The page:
In Installation of 4200 Strings of Rice Grains bySayaka Ishizuka

The villagers of Inakadate aren’t the only ones getting creative with their rice. Japanese artist Sayaka Ishizuka is showing new work at Pearl Lam Gallery in Shanghai. “Life Threads” is a walk-in installation consisting of, among other things, 4200 handmade strings of rice grains hung from the ceiling. The work, which took 18 months to complete, looks like rain pouring down onto the earth and being collected in old antique bowls and jars. There is a strong sense of life and interconnectedness throughout the entire piece, given how closely rain, rice and life are intertwined with each other, especially in Asian cultures.
Life Threads is on display through August 23, 2014.
asylum-art:

In Installation of 4200 Strings of Rice Grains bySayaka Ishizuka

The villagers of Inakadate aren’t the only ones getting creative with their rice. Japanese artist Sayaka Ishizuka is showing new work at Pearl Lam Gallery in Shanghai. “Life Threads” is a walk-in installation consisting of, among other things, 4200 handmade strings of rice grains hung from the ceiling. The work, which took 18 months to complete, looks like rain pouring down onto the earth and being collected in old antique bowls and jars. There is a strong sense of life and interconnectedness throughout the entire piece, given how closely rain, rice and life are intertwined with each other, especially in Asian cultures.
Life Threads is on display through August 23, 2014.
asylum-art:

In Installation of 4200 Strings of Rice Grains bySayaka Ishizuka

The villagers of Inakadate aren’t the only ones getting creative with their rice. Japanese artist Sayaka Ishizuka is showing new work at Pearl Lam Gallery in Shanghai. “Life Threads” is a walk-in installation consisting of, among other things, 4200 handmade strings of rice grains hung from the ceiling. The work, which took 18 months to complete, looks like rain pouring down onto the earth and being collected in old antique bowls and jars. There is a strong sense of life and interconnectedness throughout the entire piece, given how closely rain, rice and life are intertwined with each other, especially in Asian cultures.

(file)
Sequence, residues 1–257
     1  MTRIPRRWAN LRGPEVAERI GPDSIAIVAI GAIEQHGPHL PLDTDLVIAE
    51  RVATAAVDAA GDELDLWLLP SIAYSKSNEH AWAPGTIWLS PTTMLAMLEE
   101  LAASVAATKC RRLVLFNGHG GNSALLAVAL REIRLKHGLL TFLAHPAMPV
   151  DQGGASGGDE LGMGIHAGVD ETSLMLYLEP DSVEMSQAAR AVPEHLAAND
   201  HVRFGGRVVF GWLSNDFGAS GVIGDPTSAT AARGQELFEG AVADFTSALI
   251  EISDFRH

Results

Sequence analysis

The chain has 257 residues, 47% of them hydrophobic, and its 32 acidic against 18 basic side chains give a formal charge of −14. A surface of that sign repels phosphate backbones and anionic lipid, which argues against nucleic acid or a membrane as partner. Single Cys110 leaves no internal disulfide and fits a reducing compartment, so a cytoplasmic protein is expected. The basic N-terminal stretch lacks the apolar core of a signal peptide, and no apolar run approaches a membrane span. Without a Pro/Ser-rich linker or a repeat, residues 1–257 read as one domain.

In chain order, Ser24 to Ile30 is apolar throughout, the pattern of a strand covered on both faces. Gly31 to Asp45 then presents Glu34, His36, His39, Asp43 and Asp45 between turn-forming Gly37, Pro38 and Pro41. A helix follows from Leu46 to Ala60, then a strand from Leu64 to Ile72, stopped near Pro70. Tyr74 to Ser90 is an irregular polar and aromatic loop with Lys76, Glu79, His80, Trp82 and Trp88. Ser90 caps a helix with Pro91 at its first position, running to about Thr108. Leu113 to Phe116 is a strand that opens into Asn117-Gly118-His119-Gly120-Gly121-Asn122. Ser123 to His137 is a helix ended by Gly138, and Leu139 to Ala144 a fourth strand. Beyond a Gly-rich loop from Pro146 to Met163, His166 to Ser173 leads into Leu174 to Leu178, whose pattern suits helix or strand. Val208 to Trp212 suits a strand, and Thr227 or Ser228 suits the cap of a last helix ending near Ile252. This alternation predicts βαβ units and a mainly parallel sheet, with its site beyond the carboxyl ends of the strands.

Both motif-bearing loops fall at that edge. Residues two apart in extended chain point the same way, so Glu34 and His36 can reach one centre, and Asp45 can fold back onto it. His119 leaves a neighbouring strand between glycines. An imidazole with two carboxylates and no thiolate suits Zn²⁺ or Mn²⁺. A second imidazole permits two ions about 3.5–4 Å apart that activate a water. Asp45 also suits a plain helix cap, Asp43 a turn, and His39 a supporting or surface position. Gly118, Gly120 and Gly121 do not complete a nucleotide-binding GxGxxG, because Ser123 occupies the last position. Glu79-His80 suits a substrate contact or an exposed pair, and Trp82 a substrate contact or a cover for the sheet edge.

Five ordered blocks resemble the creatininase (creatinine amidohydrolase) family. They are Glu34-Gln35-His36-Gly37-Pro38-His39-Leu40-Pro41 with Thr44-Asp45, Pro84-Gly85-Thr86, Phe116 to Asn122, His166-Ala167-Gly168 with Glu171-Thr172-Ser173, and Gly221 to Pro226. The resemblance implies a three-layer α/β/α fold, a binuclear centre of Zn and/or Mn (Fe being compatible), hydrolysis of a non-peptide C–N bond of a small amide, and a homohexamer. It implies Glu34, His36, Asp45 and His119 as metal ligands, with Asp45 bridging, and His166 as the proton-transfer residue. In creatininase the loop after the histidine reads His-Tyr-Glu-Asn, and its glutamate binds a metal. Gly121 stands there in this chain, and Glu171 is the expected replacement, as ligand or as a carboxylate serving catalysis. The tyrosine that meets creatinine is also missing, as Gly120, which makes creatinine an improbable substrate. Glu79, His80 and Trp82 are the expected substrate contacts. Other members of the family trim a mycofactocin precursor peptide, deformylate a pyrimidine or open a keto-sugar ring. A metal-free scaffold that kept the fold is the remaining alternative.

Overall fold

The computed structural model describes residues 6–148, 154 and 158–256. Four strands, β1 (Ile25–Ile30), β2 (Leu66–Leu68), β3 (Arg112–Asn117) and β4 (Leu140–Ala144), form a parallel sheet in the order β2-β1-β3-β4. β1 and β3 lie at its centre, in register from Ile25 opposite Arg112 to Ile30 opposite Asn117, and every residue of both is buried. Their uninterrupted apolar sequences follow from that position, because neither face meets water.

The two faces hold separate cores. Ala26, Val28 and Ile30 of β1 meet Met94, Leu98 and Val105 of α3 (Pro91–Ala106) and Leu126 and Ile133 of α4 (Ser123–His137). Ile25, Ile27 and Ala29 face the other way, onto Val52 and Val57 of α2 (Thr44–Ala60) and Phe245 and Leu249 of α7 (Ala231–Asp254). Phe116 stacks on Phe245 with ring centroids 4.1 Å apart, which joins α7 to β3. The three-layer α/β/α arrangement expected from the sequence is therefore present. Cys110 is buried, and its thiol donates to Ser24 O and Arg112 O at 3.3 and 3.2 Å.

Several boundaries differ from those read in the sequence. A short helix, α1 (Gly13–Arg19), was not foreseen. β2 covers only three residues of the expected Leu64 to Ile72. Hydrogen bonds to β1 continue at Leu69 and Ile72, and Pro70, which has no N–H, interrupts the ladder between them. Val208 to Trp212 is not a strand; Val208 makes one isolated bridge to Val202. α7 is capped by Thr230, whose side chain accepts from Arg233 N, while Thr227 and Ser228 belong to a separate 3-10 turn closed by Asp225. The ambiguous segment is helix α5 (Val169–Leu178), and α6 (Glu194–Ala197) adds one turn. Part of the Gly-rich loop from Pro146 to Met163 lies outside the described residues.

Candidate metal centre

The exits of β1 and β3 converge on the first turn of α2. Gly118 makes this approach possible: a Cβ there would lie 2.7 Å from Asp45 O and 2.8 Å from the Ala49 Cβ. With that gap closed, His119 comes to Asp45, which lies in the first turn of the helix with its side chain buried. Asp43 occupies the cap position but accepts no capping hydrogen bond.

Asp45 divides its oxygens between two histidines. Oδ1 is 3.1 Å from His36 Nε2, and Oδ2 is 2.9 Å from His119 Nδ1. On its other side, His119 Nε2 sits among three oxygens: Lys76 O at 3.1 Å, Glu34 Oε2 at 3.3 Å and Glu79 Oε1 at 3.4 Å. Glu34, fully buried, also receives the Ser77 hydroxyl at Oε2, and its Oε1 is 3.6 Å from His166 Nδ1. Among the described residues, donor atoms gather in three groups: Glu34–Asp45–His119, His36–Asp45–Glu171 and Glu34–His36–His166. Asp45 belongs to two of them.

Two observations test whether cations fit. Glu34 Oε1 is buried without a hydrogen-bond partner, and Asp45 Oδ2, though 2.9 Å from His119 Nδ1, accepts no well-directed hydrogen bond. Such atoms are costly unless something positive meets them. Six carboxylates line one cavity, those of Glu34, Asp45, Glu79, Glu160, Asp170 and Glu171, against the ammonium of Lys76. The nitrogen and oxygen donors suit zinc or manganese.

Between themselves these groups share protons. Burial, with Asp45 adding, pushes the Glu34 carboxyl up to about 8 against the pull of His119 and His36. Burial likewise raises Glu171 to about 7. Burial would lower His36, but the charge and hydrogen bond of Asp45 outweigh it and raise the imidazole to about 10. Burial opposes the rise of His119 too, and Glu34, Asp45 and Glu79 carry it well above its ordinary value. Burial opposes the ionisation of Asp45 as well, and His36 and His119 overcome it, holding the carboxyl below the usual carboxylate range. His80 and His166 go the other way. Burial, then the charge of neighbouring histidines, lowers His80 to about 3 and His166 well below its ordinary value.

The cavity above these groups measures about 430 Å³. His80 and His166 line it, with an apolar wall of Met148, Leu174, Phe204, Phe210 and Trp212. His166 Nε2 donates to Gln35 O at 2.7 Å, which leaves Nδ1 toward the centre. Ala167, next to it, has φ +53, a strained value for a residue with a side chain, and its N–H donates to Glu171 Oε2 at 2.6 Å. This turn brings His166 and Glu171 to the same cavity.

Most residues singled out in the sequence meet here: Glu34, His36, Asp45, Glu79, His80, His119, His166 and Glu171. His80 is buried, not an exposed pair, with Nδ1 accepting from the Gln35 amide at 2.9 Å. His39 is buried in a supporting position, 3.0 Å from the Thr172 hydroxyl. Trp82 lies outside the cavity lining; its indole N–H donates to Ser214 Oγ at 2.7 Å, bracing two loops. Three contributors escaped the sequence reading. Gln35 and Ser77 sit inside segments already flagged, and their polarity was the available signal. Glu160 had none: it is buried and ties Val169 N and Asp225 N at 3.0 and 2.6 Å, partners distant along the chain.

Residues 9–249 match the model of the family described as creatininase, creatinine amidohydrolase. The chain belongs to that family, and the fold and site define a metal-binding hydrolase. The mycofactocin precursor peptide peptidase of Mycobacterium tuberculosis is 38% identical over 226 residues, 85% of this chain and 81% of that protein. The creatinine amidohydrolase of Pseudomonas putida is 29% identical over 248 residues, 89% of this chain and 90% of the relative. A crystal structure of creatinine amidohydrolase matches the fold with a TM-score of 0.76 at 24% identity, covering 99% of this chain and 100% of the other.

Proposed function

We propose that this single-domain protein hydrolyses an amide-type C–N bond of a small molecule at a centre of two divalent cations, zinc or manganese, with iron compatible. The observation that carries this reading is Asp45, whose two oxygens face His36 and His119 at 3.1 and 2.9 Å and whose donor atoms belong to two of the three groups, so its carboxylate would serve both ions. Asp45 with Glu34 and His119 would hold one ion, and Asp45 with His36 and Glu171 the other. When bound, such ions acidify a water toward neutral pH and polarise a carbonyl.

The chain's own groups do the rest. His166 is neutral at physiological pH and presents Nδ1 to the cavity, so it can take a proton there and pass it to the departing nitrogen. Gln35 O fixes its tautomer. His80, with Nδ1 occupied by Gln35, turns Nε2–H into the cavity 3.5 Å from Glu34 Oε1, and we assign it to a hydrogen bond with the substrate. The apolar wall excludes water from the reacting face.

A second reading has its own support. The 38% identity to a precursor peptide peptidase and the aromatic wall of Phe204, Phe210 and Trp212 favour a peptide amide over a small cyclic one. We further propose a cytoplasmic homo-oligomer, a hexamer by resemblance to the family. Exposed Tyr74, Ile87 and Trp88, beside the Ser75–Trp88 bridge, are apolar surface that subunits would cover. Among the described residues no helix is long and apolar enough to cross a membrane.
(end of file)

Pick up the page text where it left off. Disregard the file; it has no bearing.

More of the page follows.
Life Threads is on display through August 23, 2014.
asylum-art:

In Installation of 4200 Strings of Rice Grains bySayaka Ishizuka

The villagers of Inakadate aren’t the only ones getting creative with their rice. Japanese artist Sayaka Ishizuka is showing new work at Pearl Lam Gallery in Shanghai. “Life Threads” is a walk-in installation consisting of, among other things, 4200 handmade strings of rice grains hung from the ceiling. The work, which took 18 months to complete, looks like rain pouring down onto the earth and being collected in old antique bowls and jars. There is a strong sense of life and interconnectedness throughout the entire piece, given how closely rain, rice and life are intertwined with each other, especially in Asian cultures.
Life Threads is on display through August 23, 2014.
asylum-art:

In Installation of 4200 Strings of Rice Grains bySayaka Ishizuka

The villagers of Inakadate aren’t the only ones getting creative with their rice. Japanese artist Sayaka Ishizuka is showing new work at Pearl Lam Gallery in Shanghai. “Life Threads” is a walk-in installation consisting of, among other things, 4200 handmade strings of rice grains hung from the ceiling. The work, which took 18 months to complete, looks like rain pouring down onto the earth and being collected in old antique bowls and jars. There is a strong sense of life and interconnectedness throughout the entire piece, given how closely rain, rice and life are intertwined with each other, especially in Asian cultures.